"....So, I sit here today content with my effort, surprised by my late-run push, and a little perplexed by my altitude and cramping woes. Somehow though, I've managed to go 4 for 4 here at Leadville, something I am incredibly humbled by. I will head back home now having had my fill of the beautiful mountains again. I was able to enjoy some 14ers, throw in a fun road trip out of it all, and run a fantastic and fulfilling LT100."

Here is my full race report:

Stream Crossing before Hope climb

Approaching Hope Pass

Squeaking in just under 25 hrs.

4 years of Leadville

On my return trip from Leadville, I took it a bit slow, and even visited some more state high points just for fun.  When I got home, I visited my new nephew who was born just a few days later.  I headed back to school and focused on getting as much school work done as I could.  I knew I had several science meetings quickly creeping up on me at which I had to present updates on my data.

Nebraska High Point

Indiana High Point

Ohio High Point

My new nephew

Once settled back East, with the year starting to wind down, I had just a handful of races left on my calendar....a few scheduled, a few last minute additions, all relatively local though.  I would be running my 3rd Oil Creek 100, my 2nd Pine Creek Challenge (and defending my title), a first time go at Virgil Crest, and a 2nd running at the Tussey 50.  It sounds like a lot, but all the races were relatively local, and only the Oil Creek 100 required an overnight stay.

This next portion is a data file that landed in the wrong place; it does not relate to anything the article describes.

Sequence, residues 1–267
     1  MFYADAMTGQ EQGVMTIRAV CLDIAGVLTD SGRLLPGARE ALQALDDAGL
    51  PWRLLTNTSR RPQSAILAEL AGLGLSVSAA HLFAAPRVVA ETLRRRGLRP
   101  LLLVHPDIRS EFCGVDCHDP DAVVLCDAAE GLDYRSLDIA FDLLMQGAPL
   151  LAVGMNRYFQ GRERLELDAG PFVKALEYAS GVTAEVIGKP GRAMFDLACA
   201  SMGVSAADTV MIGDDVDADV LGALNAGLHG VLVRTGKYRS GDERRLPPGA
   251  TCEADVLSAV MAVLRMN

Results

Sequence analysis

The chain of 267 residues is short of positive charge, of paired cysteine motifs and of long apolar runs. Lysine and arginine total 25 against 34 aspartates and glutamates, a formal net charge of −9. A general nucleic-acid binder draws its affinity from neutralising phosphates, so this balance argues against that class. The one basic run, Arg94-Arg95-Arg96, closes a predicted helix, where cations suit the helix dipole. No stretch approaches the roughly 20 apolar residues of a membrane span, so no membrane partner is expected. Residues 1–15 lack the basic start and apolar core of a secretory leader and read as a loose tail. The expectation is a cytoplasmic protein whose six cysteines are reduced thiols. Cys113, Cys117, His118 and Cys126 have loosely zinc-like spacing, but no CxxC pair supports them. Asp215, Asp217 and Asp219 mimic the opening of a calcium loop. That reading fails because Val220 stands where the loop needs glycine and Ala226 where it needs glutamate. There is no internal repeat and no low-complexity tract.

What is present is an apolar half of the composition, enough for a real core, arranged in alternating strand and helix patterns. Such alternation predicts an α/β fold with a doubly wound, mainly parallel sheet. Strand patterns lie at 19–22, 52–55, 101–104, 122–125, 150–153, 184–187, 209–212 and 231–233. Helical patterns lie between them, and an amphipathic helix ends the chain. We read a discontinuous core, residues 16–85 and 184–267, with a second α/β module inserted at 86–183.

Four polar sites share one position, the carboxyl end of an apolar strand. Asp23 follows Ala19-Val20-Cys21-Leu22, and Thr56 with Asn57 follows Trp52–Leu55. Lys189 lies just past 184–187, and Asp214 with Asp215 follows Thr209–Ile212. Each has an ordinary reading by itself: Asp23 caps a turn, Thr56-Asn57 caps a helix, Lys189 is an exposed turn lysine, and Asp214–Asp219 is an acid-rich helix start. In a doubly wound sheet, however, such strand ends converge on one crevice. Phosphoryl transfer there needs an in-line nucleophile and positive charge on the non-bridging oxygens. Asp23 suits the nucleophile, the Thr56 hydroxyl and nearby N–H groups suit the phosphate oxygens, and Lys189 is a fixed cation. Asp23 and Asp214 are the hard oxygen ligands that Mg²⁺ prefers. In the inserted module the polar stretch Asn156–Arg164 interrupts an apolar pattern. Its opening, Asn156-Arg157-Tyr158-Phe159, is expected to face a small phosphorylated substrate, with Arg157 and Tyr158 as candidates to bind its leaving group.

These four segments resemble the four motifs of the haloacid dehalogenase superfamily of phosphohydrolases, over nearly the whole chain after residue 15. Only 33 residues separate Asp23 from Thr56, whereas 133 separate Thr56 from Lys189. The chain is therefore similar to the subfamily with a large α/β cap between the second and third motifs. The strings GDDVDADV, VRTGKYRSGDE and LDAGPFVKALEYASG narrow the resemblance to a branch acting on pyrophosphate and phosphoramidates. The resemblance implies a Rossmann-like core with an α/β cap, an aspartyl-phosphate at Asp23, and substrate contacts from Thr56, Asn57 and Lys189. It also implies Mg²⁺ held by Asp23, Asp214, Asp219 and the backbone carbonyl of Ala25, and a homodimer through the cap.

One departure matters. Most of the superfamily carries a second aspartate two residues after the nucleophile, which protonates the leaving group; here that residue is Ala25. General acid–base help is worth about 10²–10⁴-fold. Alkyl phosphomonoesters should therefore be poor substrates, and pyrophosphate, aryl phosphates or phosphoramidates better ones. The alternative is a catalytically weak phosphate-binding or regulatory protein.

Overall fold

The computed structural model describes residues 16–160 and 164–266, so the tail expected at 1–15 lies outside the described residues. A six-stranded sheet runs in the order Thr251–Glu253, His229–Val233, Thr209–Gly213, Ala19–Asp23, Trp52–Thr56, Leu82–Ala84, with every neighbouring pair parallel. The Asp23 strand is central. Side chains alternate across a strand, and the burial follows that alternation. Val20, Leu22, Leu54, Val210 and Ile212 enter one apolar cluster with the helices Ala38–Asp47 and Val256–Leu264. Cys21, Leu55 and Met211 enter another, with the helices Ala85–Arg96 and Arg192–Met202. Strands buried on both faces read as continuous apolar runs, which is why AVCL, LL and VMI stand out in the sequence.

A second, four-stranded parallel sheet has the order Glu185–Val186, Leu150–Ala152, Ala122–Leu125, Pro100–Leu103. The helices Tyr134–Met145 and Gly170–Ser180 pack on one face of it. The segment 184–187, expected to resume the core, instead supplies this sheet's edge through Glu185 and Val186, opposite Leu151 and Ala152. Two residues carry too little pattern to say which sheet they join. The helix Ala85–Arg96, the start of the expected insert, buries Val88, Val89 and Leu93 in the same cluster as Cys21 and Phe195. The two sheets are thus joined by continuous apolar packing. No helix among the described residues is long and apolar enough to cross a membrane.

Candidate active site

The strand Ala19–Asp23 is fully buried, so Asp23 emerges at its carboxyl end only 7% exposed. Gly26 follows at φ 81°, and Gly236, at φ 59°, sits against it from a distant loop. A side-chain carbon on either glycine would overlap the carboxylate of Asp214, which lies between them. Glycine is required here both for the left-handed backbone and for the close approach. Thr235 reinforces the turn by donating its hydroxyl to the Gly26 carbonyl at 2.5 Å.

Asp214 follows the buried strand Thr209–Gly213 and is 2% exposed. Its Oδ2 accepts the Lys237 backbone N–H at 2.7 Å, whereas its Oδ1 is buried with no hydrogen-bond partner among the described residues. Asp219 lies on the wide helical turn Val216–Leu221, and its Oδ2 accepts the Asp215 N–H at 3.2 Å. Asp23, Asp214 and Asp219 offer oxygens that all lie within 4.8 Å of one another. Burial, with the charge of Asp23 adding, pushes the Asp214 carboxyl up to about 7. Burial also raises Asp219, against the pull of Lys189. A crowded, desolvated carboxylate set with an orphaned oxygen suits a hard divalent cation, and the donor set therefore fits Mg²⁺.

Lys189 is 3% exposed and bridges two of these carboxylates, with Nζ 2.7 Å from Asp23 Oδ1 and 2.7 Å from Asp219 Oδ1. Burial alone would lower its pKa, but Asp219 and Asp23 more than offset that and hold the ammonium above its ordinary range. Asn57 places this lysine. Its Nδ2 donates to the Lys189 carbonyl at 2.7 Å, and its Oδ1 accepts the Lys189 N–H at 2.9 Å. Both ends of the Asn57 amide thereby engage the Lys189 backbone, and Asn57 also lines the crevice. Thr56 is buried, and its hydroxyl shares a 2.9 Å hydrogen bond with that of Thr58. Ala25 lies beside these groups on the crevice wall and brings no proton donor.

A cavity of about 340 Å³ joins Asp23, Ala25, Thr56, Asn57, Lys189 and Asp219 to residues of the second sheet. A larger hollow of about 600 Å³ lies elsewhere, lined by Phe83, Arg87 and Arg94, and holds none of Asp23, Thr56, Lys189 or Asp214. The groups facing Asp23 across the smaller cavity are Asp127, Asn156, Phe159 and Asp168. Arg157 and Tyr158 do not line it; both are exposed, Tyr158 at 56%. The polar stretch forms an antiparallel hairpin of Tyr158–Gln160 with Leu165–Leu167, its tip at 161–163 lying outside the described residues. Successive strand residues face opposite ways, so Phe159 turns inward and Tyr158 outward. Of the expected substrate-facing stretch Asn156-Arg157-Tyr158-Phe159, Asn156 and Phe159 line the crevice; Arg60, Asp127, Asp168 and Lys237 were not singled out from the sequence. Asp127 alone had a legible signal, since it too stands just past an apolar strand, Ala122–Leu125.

Each race presented me with different challenges, but each also presented me with wonderful experiences and memories.  

My combined race report for all three events can be found here:

Pine Creek had better weather this year, but also stronger competition.  I knew I wasn't in as good as shape as I was at this time in 2012, but still thought I might be able to defend my 1st place title.  I ran strong, but faded much quicker towards the end.  I finished in a respectable 3rd place and managed to still get a "podium" spot.  My only standing course record to date fell by over 20 minutes.

At the start of Pine Creek Challenge.

Heading out on the bike path in 3rd place (where'd I'd stay all day)

Virgil Crest was a race I had been eyeing for a while but never run.  It had a legendary reputation in upstate New York as an absolute monster.  Loads of elevation gain and tough climbs.  I had Oil Creek just a few weeks away, so decided to run the 50k as a last-minute "training run".  What I didn't know was that it would rain for a full 24 hours before the race turning every trail into a muddy, slippery, nightmare.  When race-day came, it ended up being one of the most draining races I've ever run at that length.  All the mud slogging just sapped every ounce of energy I had.  The climbs were challenging and in a way fun, but the mud just sucked away any pep I might have had.  I also took a wrong turn at one point and lost several minutes finding my way back to the course.  Still, it was an awesome race, and had a very small-town, home-grown feel to it.  My favorite type of event.  Despite the difficulties, I still managed a great time and finished 11th overall.  I will definitely be eyeing this race again next year.


At the start of the 50k

Coming down a muddy and slippery ski hill.  

Refueling at one of the well-stocked aid stations